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What a great idea!  Online Candidate Forums

Angie Price of the Bay Times explains new strategy
Traditionally, the Bay Times and Record Observer have hosted the county commission candidate forum to inform and educate the public on where the candidates stand on the issues. In the past, the forum has been held between the primary and general elections, when the field has been whittled to 10 candidates. However, this year three of the county commission seats were to be decided in the primary. So, we were faced with the challenge of how to hold a forum for 15 candidates.

Realizing that very few people want to spend three or more hours at a night meeting, we came up a concept to allow the public to participate at their leisure (lunch break, watch a couple interviews) and that would not take up a lot of each candidate's time. We partnered with our local public access channel, QAC-TV, to host what we called an online county commission candidate forum.

We offered the candidates a choice of about 10 dates and fairly open time slots, and they were all delighted to participate since we made it easy for them. I only had three of the 15 that had to be rescheduled — and only one of those was a multiple rescheduler.

We interviewed each candidate — just as we would in a nighttime forum, asking the same questions and allowing the same amount of time per answer — but individually in the studio at QAC-TV. Each candidate had two minutes to introduce themselves and explain why they wanted to be commissioner. Each was asked to describe the top issues facing the county (two minutes). Then we asked a series of topical questions culled from reader suggestions (one minute each). Each candidate had one minute for a conclusion.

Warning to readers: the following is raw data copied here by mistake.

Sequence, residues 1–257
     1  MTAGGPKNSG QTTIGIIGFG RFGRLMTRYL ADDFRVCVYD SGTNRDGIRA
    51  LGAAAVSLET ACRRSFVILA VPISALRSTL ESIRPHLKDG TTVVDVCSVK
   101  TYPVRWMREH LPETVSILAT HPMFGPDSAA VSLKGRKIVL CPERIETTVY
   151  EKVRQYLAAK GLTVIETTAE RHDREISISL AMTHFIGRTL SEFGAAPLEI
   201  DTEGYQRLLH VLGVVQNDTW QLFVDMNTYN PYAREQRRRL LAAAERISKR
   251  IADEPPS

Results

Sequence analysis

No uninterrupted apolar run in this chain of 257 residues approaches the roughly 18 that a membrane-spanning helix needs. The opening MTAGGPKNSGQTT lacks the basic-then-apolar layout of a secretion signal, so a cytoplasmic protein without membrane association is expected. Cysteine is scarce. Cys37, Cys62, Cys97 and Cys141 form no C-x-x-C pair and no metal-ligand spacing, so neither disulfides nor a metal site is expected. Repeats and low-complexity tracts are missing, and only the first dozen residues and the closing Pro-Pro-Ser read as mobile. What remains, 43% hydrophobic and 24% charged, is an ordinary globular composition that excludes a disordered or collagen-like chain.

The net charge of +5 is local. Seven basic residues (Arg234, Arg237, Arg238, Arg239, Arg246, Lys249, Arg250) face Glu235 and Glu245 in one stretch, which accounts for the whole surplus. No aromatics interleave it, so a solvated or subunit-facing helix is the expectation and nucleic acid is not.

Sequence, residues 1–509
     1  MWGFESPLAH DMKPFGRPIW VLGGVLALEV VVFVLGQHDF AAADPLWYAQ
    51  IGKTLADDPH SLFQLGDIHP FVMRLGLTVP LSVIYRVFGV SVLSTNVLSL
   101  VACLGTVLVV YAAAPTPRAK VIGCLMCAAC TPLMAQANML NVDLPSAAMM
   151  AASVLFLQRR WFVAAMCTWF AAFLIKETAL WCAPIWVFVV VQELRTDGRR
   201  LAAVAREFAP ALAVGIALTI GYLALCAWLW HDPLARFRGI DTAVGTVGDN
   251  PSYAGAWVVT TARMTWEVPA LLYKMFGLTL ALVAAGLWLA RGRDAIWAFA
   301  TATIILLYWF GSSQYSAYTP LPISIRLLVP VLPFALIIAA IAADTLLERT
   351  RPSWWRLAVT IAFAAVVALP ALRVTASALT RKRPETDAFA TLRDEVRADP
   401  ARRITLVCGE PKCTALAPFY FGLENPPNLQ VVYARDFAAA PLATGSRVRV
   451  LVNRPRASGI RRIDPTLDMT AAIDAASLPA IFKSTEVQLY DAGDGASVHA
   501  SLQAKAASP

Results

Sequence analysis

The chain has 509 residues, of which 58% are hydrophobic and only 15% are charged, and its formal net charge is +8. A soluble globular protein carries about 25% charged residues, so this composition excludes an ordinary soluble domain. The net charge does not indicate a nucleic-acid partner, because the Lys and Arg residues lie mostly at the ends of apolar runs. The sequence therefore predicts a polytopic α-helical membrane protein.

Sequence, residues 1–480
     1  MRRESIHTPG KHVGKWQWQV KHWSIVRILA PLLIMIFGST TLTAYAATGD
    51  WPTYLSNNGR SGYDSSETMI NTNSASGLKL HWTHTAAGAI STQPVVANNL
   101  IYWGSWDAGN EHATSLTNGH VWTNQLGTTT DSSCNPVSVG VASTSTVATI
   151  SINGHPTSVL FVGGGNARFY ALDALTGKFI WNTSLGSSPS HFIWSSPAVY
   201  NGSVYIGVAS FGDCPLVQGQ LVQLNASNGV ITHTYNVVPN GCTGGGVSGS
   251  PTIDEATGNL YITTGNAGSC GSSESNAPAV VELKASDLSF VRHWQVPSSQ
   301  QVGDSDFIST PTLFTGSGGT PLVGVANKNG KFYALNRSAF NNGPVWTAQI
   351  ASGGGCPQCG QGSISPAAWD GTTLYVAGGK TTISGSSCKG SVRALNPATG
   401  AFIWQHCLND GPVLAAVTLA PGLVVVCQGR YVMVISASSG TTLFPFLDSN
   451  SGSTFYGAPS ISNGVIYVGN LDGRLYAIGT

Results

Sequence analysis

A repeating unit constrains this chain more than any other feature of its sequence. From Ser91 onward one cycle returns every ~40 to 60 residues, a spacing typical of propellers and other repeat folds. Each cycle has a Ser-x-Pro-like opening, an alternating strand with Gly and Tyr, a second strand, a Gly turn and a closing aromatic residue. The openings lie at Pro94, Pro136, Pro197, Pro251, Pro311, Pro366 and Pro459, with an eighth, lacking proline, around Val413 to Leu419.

The TV guys took care of the video taping and editing to add the intro and ending to each segment. The result was a YouTube video of each candidate's interview, which we posted on a special page on our website. We used a randomizer to rotate the order of the candidates so no one candidate would be first or last. QAC-TV also posted the videos and ran them in blocks on Channel 7.

Our goal, which we achieved, was to have the interviews ready to post about a month before the primary to allow people plenty of time to review them. The online forum was easily accessible to anyone with Internet access or cable television.

We ran ads online and in the newspaper to promote it and all the reactions we got from the public were positive. The people I spoke with were pleased they could check out the candidates when it fit their schedules. The candidates thought it was great because it didn't take up a lot of their time and it helped them spread their message. The more social media savvy among them even posted links on their Facebook pages.
(Then when we did our primary page, we also linked each candidate's interview to his or her profile story.)

See the finished project here. If you have questions about how this might work in your market, please feel free to contact me at baytimes@kibaytimes.com.

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